I like hunting with people I know I can trust.
Good judgment is a valuable character trait when loaded firearms and
killing are involved. I would be
hunting with just such men on this trip.
It was early March, and we would be hunting feral hogs in central
Oregon, on Clover Creek Ranch. Rob
Applegate was supposed to join us on this trip, but a late winter storm had
closed the passes over in his neck of the woods and he wasn't able to make it.
Caz and Bob had beat me to the bunkhouse, which had them worried....not
that I was out stuck in a snowbank somewhere, but because I had the fixin's
for supper and they were gettin' hungry!
Shortly after I got there, the skillet was sizzlin' with andouille
sausage, potatoes and onions, simmering in chardonnay with a healthy dash of
seasoned pepper. As the cast iron
skillet got hot, so did the "hot stove league" and the hunting
stories, tall tales and show-and-tell cranked up full swing.
Knives and guns were showed off and bragged about, gifts were exchanged
and soon the BS was flyin' in fine fashion.
Front and center in these discussions were various knives, as each of
us had brought along new acquisitions for field testing on this trip -- Bob
had a new Bark River hunting knife that he was very excited about, Caz had a
Swamp Rat Knife Works blade that he was all lathered up over, and I had a new
Beretta Loveless drop point hunter that I wanted to put to work (I have always
been a fan of the basic Loveless design).
Dinner was served and a grand time was had.
I tell you, I could listen to Bob tell stories all night.
Beretta's version of the classic Loveless drop-point Hunter.
we were cleaning up after dinner, Caz went outside to throw the garbage away
and came back in and matter-of-factly announced "It's snowing boys."
Sure enough, there was a white dusting on everything, and it continued
to snow lightly for the next hour or so.
(The snow was not unexpected, remember that Rob had had to stay home
because of a winter storm moving through the area.)
We got everything ready for the next morning and hit the sack.
next morning, the coffee was perking, the sausage was frying, and once again
the snow was falling, not hard, but steadily nonetheless.
We ate breakfast and headed up the hill to hunt.
As we worked our way into the interior parts of the ranch, it started
snowing harder. We climbed the
hill up to the broken down Cat bulldozer it was snowing even harder, and we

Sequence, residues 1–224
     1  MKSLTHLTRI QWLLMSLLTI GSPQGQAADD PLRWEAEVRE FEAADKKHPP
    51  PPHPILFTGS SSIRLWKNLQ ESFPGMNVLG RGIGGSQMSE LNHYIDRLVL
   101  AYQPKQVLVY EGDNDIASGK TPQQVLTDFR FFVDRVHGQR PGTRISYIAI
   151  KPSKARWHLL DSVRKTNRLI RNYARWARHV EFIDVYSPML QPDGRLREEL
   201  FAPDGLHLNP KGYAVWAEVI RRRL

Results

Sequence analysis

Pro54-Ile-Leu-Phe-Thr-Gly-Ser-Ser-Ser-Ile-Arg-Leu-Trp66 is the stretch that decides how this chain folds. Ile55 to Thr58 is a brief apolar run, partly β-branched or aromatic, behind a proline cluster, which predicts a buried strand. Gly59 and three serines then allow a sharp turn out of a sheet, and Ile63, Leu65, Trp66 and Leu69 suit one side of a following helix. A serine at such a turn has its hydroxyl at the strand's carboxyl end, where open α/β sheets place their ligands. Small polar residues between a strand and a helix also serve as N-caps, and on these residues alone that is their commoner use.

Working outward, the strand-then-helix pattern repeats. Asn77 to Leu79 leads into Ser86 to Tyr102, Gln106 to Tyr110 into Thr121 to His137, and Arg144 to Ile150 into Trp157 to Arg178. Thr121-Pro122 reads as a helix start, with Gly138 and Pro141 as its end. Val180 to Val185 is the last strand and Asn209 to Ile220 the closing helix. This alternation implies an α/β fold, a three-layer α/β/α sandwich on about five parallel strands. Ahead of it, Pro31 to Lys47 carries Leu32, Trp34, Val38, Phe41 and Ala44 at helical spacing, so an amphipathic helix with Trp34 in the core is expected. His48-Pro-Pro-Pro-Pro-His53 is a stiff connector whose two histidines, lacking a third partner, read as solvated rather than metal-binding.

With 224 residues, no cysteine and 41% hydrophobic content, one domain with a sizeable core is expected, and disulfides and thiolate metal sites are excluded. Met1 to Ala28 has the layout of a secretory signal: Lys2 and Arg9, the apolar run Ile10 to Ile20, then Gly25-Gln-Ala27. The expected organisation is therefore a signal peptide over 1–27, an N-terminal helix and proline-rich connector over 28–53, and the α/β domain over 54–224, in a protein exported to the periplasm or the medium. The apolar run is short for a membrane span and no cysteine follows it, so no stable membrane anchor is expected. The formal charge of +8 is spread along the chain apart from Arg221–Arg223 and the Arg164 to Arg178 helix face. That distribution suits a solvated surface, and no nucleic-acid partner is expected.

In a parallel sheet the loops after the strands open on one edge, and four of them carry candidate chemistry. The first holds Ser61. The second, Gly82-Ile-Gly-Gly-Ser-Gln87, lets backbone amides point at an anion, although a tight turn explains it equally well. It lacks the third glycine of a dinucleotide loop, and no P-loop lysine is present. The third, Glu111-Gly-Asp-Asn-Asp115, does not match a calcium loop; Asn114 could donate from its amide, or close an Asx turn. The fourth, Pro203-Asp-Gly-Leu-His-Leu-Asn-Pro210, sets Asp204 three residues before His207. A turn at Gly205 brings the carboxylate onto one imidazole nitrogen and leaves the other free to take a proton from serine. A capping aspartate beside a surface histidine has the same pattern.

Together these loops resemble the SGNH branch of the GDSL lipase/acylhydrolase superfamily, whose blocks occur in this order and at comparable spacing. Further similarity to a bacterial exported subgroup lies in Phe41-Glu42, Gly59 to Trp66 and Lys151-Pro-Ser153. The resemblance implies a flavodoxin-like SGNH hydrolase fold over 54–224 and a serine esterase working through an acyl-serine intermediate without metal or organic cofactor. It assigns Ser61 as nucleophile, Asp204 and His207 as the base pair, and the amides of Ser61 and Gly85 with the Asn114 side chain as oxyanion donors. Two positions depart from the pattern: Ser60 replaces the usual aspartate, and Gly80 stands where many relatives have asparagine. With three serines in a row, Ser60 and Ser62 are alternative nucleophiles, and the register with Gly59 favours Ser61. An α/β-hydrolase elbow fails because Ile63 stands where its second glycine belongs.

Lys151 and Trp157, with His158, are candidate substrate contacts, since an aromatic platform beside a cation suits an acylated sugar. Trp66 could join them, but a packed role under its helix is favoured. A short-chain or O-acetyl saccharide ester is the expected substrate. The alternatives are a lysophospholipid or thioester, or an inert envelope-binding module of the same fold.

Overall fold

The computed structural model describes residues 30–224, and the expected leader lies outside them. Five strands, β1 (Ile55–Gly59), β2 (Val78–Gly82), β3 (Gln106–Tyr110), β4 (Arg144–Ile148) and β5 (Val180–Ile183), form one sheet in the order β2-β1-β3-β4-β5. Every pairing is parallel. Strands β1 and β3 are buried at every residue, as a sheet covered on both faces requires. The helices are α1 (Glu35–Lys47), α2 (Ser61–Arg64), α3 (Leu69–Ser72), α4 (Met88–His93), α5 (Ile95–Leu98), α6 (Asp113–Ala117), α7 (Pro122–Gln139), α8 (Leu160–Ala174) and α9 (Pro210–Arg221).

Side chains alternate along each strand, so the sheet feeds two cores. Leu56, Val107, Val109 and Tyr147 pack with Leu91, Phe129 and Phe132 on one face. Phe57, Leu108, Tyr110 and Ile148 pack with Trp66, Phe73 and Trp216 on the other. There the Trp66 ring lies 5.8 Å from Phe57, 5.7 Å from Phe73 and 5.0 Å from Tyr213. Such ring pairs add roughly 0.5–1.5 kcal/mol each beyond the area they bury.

found no sign of recent animal activity in the snow.
We continued up to the pond and pasture up on top and once again, found
no sign of animal activity. The
pond was full, frozen solid, and there were no tracks in the snow or any
evidence that anything had tried to break through the ice for a drink.
By this time the snow was coming down hard enough that visibility was
getting limited, so we decided to head back down the hill to a basin we knew
about that was relatively sheltered. There
were no critters up on top.
sheltered basin was a different story however.
We found signs of recent activity, we found hogs (including one HUGE
old sow), we found Russian boar (very fast Russian boar), and we found fallow
deer. All three of us were specifically looking for meat hogs in
the 200-300 lb range, so we decided to sweep this one hillside and work our
way down towards the pond at the bottom of the basin. Bob and Caz took paths that swung to the outside part of the
hillside, and I took more of a direct beeline to the pond.
As I got towards the bottom, I saw another couple fallow deer, and then
a couple of hogs. They were all
behind a wall of juniper trees, so I couldn't get a real good look at them,
but the hogs looked to be roughly in the size range that we were looking for.
As I slowly worked my way down to the last of the juniper trees, the
fallow deer sensed something was amiss and slowly exited stage left.
The hogs were more interested in rooting around in the mud.
I laid down in the snow (the only way I could snake a shot past the
overhanging juniper branches) and got my first good look at the black boar 40
yards in front of me. He was about 250 lbs, just exactly the size I was looking
for. However, the shot
presentation was not good, so I laid in the snow and waited.
me a brief caveat at this point -- I was hunting with a T/C Contender,
chambered for the .338 GEF, a wildcat that I put together back in the early
90s with the help and guidance of J.D. Jones of SSK Industries.
My goal on this trip was to test out a couple of cast bullet designs
that I had put together specifically for this gun.
The first was a Lyman 33889 that I had modified to drop a 246 grain HP,
and the second was a custom 235 grain GC-FP made by Mountain Molds (www.mountainmolds.com).
I had worked up loads for both of these bullets that were giving me
very good accuracy (5 shots into 1" at 50 yards), and wanted to see how
they performed on critters. The
33889 HP load was going right at 1600 fps (a very useful velocity for a cast
HP), and the Mountain Molds bullet was going almost 1750 fps.
Conveniently, both loads shot to the same point.
The .338 GEF loaded with the 235 grain Mountain Molds GC-FP (left) and
the Lyman 33889 hollow-point (right).
several minutes of watching the black boar's backside, he turned and faced me. If I had had the deeply penetrating Mountain Molds 235 grain
FP in the chamber, I would have simply placed the crosshairs on his forehead
and dropped the hammer. But with
a hog's hard, sloping head, and a soft cast HP, I wasn't sure if the bullet
would simply flatten and ricochet (probably not, but I wasn't sure), or kill